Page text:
“Extra pain”: Developers with maturing multifamily construction loans face woes
While extension options allow some developers to wiggle out of expensive refinancings, they also bode poorly for banks’ abilities to make new loans. The more borrowers that extend instead of paying off debt, the less liquidity banks have to refinance maturing construction mortgages that don’t have extension options or other fallback plans. Recent bank collapses (see page 28) also may strain mid-sized banks’ deposits, as clients opt to move their funds to big banks or treasuries.
“Banks typically lend as a factor of how much they have in deposits,” said Alex Horn, founder of bridge lender BridgeInvest. “When their deposits shrink … it has this domino effect on really the supply of loans in the market today.”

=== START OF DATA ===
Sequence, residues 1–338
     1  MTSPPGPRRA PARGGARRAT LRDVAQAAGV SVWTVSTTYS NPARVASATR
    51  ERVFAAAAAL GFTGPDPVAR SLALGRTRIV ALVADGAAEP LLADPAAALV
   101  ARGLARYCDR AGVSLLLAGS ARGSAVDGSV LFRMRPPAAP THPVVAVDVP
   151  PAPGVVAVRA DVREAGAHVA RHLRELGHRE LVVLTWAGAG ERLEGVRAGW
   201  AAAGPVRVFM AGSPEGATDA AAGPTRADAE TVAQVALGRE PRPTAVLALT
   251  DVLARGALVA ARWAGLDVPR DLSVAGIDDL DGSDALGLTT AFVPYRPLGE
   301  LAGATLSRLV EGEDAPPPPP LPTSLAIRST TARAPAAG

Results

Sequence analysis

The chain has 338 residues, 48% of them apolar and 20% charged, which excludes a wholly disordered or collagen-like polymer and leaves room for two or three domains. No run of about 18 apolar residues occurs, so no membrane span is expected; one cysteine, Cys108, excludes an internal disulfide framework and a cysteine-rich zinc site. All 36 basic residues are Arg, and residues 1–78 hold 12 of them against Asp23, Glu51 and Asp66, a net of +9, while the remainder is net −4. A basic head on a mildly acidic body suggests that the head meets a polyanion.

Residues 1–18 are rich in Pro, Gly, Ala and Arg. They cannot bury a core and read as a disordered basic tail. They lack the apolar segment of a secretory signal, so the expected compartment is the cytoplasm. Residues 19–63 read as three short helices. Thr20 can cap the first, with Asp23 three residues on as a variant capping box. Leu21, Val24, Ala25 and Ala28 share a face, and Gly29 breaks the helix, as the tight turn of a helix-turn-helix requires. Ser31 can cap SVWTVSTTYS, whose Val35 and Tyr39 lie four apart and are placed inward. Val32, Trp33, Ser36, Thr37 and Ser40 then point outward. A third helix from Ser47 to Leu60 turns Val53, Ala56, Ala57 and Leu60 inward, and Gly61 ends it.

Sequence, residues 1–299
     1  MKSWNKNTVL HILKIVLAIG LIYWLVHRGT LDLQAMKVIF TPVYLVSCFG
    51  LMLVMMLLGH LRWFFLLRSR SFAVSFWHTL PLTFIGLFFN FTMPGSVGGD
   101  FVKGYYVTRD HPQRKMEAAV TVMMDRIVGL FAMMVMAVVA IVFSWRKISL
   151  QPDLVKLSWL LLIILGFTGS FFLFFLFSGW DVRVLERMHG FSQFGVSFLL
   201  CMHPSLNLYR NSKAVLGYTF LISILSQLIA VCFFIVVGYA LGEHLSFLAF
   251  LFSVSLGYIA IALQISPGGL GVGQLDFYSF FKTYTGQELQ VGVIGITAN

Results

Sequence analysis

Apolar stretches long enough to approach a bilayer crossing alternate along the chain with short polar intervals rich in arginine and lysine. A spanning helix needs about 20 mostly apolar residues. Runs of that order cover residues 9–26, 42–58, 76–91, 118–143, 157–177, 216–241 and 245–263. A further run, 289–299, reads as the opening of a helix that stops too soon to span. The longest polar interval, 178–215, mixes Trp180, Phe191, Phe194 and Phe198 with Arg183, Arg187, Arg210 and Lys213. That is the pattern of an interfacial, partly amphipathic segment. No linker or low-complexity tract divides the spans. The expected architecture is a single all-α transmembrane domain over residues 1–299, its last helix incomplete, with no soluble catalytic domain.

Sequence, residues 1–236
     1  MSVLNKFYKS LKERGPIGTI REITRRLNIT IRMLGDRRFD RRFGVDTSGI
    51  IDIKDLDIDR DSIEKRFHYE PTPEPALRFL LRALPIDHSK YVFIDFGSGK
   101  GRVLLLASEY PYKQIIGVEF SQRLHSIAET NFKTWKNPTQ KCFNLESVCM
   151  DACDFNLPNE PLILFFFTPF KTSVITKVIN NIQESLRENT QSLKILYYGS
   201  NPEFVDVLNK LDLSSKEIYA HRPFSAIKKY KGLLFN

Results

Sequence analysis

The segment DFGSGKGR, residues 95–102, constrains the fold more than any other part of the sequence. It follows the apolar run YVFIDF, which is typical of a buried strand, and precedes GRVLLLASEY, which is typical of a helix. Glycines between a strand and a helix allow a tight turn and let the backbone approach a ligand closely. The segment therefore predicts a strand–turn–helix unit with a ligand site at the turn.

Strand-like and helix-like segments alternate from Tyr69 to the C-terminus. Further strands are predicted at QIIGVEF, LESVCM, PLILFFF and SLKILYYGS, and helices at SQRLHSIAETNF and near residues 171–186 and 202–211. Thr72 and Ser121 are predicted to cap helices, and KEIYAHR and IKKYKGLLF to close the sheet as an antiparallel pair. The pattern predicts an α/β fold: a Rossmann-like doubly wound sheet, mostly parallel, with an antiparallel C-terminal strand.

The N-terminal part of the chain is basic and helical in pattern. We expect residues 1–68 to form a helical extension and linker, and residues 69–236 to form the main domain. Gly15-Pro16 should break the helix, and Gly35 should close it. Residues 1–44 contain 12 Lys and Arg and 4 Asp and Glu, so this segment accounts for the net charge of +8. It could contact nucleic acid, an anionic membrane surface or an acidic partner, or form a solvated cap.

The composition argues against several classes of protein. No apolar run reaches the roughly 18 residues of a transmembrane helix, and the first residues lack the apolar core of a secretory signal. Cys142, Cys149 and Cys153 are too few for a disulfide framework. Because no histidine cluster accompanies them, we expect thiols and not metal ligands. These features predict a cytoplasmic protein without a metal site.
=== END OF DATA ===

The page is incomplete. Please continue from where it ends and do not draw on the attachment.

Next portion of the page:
In a sign that banks’ refinancing abilities are strained, the phones at BridgeInvest have been buzzing, he said. Developers with maturing multifamily construction loans are asking about bridge loans.
The Miami-based firm expects to issue $400 million in bridge loans nationwide this year, with a good chunk of that for South Florida multifamily projects with maturing debt, Horn said.
“That is one of the areas that we are most bullish on,” he said.
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